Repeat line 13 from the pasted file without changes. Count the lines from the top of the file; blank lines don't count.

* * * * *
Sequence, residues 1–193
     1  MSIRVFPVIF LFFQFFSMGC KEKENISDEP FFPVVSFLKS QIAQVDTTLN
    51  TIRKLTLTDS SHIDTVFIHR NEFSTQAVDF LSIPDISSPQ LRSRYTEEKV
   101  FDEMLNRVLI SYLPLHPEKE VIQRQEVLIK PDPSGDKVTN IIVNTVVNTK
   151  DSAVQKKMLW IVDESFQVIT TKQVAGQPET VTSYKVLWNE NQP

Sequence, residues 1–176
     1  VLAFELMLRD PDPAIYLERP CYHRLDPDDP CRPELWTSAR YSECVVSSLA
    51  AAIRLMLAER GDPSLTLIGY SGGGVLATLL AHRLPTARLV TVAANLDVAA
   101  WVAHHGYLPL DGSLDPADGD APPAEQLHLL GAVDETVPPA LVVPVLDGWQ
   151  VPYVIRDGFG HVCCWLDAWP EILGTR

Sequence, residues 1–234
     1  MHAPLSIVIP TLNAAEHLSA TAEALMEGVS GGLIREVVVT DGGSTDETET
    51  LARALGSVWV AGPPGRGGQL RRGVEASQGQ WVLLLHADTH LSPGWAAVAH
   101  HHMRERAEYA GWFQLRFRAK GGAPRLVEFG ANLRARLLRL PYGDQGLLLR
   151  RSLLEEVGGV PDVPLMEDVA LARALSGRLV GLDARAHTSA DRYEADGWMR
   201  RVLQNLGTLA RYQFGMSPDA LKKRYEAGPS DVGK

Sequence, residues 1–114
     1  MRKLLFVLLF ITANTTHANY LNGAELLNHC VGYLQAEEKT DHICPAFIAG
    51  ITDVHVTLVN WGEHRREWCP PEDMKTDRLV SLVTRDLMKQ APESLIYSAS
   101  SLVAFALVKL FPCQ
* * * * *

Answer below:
    51  LARALGSVWV AGPPGRGGQL RRGVEASQGQ WVLLLHADTH LSPGWAAVAH